- ‘Friendly Societies have become so important and telling a feature in the Constitution of British society in its broadest and most fundamental part that any account of our nation and of the people, to whom we rejoice to belong, would deserve no attention as a really comprehensive account of it if it was wanting in a good and full description of such Societies’ (as cited in James, 2001). In summary friendly societies were a product of early modern ideas about the efficacy of collective action and the sacrifice of individual concerns for the good of the community. Whilst nineteenth century society tended towards a individualistic society based on revolutionary notions that the individual is master of his self, friendly societies retained their belief in the importance of collective self-help and mutual support whilst incorporating the newly emerging possibilities of self-empowerment, and social advancement. Whilst the purpose of friendly societies was welfare oriented - to make provision for the most basic biological needs during sickness, friendly societies also provided a support network based on kinship structures for migrating industrial workers. As the following sections will explore, friendly societies thus evidence trends similar to those involved in Social Lending. Most notably, the concept of community and collective advantage. Social Lending schemes are akin to friendly societies in that peer to peer lending has arisen following trends towards individualism, juxtaposed with a new desire for community." (


Source: Internet Based Social Lending: Past, Present and Future. By Professor Michael K Hulme and Collette Wright. Social Futures Observatory, October 2006.



There is a lot more detail in Chapter 3 of David Green's book, at

David Green:

"The emergence of federations had considerable implications for the internal government of the societies. The prevailing ethic in the earliest clubs was that everyone should have an equal say in common decisions. And since it was possible for all the members to meet in one place the normal practice was for decisions to be taken in a general assembly of all members. These early meetings were not only to reach decisions, but also for enjoyment, as the rules of the early clubs reflect. Invariably, they provide for the maintenance of order as well as the distribution of beer to members.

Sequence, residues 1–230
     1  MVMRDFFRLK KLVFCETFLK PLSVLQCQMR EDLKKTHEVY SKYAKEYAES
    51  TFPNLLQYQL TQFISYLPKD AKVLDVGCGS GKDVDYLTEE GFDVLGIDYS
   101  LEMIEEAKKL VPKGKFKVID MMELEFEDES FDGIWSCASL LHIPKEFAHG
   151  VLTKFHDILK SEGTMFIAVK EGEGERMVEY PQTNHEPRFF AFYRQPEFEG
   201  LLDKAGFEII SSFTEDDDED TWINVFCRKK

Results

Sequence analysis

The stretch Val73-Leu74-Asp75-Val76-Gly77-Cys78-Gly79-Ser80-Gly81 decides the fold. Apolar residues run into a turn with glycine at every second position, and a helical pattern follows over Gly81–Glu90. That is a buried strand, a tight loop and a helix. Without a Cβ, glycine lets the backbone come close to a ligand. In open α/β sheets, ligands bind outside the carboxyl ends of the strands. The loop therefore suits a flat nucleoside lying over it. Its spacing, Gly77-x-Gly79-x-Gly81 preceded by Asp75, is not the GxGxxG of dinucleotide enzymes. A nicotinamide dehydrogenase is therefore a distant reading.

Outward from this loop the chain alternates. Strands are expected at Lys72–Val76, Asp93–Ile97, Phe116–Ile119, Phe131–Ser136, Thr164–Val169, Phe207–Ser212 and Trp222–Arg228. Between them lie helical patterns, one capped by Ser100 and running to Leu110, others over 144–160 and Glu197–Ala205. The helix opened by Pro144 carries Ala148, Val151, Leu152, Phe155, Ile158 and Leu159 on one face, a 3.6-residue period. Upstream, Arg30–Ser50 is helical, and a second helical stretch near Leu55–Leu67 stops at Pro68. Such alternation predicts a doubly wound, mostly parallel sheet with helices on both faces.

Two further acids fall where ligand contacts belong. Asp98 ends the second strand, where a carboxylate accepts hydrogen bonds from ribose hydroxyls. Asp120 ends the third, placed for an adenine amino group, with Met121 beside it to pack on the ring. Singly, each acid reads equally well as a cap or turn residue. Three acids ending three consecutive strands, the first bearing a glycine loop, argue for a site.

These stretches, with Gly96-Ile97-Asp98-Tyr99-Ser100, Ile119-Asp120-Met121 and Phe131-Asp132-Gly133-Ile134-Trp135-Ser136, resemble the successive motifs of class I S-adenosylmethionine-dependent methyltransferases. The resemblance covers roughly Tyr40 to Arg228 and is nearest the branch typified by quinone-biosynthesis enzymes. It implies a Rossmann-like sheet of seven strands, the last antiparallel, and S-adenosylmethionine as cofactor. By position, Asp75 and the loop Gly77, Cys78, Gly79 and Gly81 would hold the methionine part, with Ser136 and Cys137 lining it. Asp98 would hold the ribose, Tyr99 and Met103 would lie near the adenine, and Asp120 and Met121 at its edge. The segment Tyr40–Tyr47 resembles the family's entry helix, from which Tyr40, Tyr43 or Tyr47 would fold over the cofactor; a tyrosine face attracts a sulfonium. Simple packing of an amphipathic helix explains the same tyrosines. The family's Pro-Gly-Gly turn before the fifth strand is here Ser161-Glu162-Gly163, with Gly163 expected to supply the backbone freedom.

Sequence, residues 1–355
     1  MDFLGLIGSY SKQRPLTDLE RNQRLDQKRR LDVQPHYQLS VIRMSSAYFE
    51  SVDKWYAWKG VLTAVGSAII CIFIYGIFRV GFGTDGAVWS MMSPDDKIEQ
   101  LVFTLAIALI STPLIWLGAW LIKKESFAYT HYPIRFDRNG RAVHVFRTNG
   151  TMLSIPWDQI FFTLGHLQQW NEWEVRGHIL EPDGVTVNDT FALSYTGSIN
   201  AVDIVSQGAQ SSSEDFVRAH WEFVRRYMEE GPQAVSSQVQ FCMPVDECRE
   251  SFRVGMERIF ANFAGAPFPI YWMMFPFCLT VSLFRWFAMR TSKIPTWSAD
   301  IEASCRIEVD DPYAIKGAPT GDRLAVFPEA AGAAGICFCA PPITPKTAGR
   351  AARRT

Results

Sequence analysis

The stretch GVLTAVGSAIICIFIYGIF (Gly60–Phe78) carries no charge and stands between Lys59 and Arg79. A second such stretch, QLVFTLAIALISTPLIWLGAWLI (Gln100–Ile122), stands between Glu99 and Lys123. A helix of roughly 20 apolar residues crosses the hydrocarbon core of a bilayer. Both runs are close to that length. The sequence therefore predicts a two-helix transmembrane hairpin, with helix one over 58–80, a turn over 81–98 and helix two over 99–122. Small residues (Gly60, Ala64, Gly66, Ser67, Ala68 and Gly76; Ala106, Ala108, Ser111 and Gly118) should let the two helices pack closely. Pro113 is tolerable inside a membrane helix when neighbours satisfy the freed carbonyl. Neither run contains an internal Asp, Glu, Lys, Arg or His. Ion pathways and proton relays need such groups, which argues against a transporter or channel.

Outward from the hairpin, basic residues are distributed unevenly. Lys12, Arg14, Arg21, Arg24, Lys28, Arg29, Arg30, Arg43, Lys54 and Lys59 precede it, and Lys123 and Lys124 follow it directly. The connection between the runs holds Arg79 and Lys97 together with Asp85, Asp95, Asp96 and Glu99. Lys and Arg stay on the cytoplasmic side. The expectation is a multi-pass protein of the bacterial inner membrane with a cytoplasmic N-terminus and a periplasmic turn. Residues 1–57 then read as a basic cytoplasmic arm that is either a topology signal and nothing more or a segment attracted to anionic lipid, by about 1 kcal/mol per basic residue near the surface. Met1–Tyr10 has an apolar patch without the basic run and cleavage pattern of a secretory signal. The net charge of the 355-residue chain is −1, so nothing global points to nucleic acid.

The early institutions of manual workers tried out several different methods of self-government. First, there was the referendum: members who could not all meet in one place could still all vote. Second, there was the solution of having a governing branch, with power rotating from branch to branch. Third, there was the delegate meeting, each delegate being closely bound by the instructions of his constituents. Fourth was the representative assembly, comprising elected members free to take the decisions they believed best, in the light of the facts of which they were aware and their constituents' wishes or interests as they saw them.

Gradually, a three-tier federal structure emerged—branch, district and unity—which combined significant local autonomy with representation at district and unity (national) levels. In the affiliated orders the branches—known as lodges among the Oddfellows and courts among the Foresters—retained wide powers, though final decision-making authority rested with an annual or biennial assembly. This assembly was known by different titles in different orders, though most retained the tradition of a movable meeting to guard against the emergence of a geographical centre of power. In the Manchester Unity of Oddfellows the governing body was originally known as the Annual Movable Committee; in the Ancient Order of Foresters the High Court; in the Independent Order of Rechabites, Salford Unity the High Movable Conference; and in the Grand United Order of Oddfellows as the Biennial Movable Delegation. Each assembly was empowered to make, annul, or amend the rules of the order. And each concluded with the election of the president, and the executive committee, which usually comprised the chief officers and between six and a dozen other members.

The most important duty of the executive committee in any order was to supervise the management of the districts and lodges. It was obliged to examine the books and accounts, to protect minority interests in the lodges, and to ensure that the society's rules were observed. It also acted as a final court of appeal for disputes which could not be settled in lodges or at district level. The chairman of the executive committee, who was also the president of the order, was usually appointed for one year. He was given various titles: Grand Master, High Court Ranger, Chief Shepherd, Most Worthy Patriarch and High Chief Ruler.

The most important official was the Grand Secretary, sometimes with that title, at other times variously called the Corresponding Secretary, Permanent Secretary, or High Court Scribe. The societies prided themselves on the absence of barriers to the advancement of any member to senior office.